Overall there is a fairly even distribution of age classes on TFL 43, however there is significant variability between blocks. The Lower Fraser Block is comprised almost entirely of cottonwood stands below the minimum harvestable age. The Homathko Block is comprised of mainly cottonwood and red alder stands with an even mix of stands younger and older than minimum harvestable age. The Kingcome Block is comprised of mainly cottonwood and red alder stands above minimum harvestable age. Of the productive forested areas in TFL 43, 62 percent (3553 hectares) are older than the minimum harvestable age and 38 percent (2154 hectares) are younger than the minimum harvestable age. However, the pattern is quite different when only the timber harvesting land base (THLB) is examined, as 52 percent (2036 hectares) of the THLB are older than minimum harvestable age, and 48 percent (1860 hectares) is younger than the minimum harvestable age. The implications of the pattern of age class distribution in the three blocks of the TFL have been properly accounted for in the licensee's analysis, and the pattern of harvest flows that results is in keeping with the management objectives for the TFL.
The greater portion of the TFL inventory is dominated by cottonwood (76 percent by area) and red alder (18 percent by area), with minor components of coniferous species (slightly over 5 percent by area) and other deciduous species (less than one percent by area). The licensee's stated timber management objective is to convert the operable land base to cottonwood stands following the harvest of existing stands over the first rotation. The timber harvesting land base of the Lower Fraser Block has already been completely converted to cottonwood stands. Given the nature of the growing sites on TFL 43, I am satisfied that this is an appropriate management regime, and further, that the regime has been properly incorporated into the licensee's analysis.
In the licensee's area-based analysis, it is assumed that harvesting will be distributed throughout the timber harvesting land base, and over the range (or profile) of sites and forest conditions that exist. Comparison of the land base profile to the proposed five-year harvesting plan indicates that the harvest closely reflects the existing mix of species and ages.
The licensee's harvesting plan reflects the management objective of conversion of all non-cottonwood stands to cottonwood, while harvesting enough cottonwood to supply mill requirements. Harvest priority indicates dead or damaged stands will be harvested first, followed by older stands.
I note that volumes available for harvest over the medium term could fluctuate if current harvests were to concentrate on the better sites or if insufficient area is converted to cottonwood to provide for future fibre needs.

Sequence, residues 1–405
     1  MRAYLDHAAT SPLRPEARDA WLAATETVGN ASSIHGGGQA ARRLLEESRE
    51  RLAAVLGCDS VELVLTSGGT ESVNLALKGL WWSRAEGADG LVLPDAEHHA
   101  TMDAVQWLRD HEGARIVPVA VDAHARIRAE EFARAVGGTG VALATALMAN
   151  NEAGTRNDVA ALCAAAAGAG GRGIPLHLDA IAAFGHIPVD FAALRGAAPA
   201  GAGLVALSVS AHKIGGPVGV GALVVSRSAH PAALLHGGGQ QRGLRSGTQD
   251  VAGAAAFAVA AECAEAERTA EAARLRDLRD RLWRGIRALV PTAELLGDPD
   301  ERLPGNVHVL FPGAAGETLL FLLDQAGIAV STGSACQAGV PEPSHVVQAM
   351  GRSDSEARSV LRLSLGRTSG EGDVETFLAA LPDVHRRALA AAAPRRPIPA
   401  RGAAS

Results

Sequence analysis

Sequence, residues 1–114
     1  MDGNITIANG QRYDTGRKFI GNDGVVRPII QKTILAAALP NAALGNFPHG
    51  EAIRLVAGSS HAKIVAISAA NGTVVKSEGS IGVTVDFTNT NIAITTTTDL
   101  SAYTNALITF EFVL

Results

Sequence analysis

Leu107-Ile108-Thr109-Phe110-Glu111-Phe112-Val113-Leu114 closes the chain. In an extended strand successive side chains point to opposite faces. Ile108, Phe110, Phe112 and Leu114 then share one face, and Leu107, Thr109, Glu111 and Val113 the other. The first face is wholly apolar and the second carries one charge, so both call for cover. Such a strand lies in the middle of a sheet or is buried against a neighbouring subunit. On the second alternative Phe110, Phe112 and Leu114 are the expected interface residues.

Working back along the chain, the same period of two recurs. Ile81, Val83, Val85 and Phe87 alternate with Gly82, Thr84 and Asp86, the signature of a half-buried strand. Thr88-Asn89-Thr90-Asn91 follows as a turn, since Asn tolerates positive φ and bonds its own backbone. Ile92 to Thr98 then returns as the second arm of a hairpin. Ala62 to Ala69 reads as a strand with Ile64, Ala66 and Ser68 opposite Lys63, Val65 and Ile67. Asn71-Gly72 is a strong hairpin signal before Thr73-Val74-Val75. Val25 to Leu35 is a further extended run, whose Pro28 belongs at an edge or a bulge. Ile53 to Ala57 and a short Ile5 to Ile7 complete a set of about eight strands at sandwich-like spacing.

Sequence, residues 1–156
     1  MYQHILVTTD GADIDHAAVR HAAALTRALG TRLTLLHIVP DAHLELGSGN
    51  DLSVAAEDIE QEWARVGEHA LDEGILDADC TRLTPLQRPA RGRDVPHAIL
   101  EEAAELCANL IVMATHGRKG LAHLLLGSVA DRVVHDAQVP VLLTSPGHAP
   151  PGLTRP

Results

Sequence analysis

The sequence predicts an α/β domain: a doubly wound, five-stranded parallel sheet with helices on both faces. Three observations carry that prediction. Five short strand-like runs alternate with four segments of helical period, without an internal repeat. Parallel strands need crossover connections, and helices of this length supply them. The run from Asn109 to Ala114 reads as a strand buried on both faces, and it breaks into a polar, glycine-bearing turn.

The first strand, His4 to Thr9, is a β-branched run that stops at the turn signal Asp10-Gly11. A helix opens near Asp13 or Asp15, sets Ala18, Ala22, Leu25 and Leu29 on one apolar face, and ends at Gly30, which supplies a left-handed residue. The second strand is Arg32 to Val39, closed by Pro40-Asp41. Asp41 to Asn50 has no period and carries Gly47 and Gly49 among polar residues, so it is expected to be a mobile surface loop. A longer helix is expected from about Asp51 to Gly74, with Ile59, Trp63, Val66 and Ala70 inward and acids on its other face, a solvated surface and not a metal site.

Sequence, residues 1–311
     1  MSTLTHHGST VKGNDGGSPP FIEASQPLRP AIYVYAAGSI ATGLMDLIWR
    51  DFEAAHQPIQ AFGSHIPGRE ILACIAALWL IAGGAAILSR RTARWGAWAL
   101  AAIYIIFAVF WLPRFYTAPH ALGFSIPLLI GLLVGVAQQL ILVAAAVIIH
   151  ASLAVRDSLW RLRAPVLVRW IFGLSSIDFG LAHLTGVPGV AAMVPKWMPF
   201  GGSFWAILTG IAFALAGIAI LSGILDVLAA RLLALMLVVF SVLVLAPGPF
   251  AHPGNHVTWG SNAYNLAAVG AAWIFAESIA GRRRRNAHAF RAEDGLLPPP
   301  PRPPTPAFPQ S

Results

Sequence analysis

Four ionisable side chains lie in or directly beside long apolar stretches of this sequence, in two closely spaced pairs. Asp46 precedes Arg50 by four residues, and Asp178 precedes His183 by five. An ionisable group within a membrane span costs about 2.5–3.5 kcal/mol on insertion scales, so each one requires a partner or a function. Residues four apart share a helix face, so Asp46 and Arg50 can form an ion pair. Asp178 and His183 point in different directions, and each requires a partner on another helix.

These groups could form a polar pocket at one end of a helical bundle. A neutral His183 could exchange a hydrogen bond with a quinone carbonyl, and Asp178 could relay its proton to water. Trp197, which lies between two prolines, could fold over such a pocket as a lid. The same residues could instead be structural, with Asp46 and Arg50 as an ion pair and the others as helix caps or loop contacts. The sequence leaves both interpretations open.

I am satisfied that the existing inventory provides the best information available at this time for use in determining harvest levels in TFL 43. I am also satisfied that the planned operations and harvesting requirements generally correspond with the existing age class structure and species distribution, and are therefore not limiting factors in the determination of the AAC for this TFL.
Site productivity is the ability of a particular site to grow trees and is usually expressed in terms of site class (good, medium, poor, low) or site index. Site index is a measure of site quality, or productivity, based on the height of the dominant trees in the stand at a reference age, usually 50 years. The productivity of a site largely determines how quickly trees will grow, and therefore affects expectations of the time it will take seedlings to reach green-up conditions. Site productivity also affects the age at which stands will reach merchantable size or minimum harvestable age and the volumes of timber that will grow in harvested stands.
Due to the lack of site productivity information, it is not known at this time if the harvest may be required to decline, in the short to medium term, to a level below the long term level before later rising to the long term harvest level. However, the licensee has planned for this, and is prepared to purchase additional volume to maintain the operation of its mill if the harvest level must decline below the long-term harvest level.
Estimating future site productivity is particularly difficult in deciduous stands, due to the lack of management history in these stand types. This situation is further complicated by the licensee's planned program of converting all suitable sites to cottonwood stands after harvesting, which may shift the site index of some stands (that is, the site index that applies to the existing species may not apply to cottonwood). However, site indexes have been derived from sample tree heights and measurements taken on permanent sample plots in the TFL, and have been assigned according to the most prevalent species in each stand. In spite of the difficulties in assigning site indexes to cottonwood stands on TFL 43, I am satisfied, at this time, that the best available approach was used in the analysis. I expect further improvements to the estimation of site indexes as the licensee continues to gather data on the growth responses in managed cottonwood stands. Finally, site productivity will tend to affect long term, rather than short term, timber supply in this TFL, and is therefore not of greater concern in this determination.
There is a lack of growth and yield information for existing stands of deciduous species, (cottonwood in particular) in British Columbia, as compared to coniferous species. This limitation is particularly evident on TFL 43, where growing conditions are significantly better than the provincial average. The licensee has begun to develop yield tables for the prediction of existing stand volumes, using the Variable Density Yield Projection (VDYP) growth and yield model. However the results are not yet adequate for input to a volume-based timber supply analysis for TFL 43 due to the high proportion of cottonwood stands.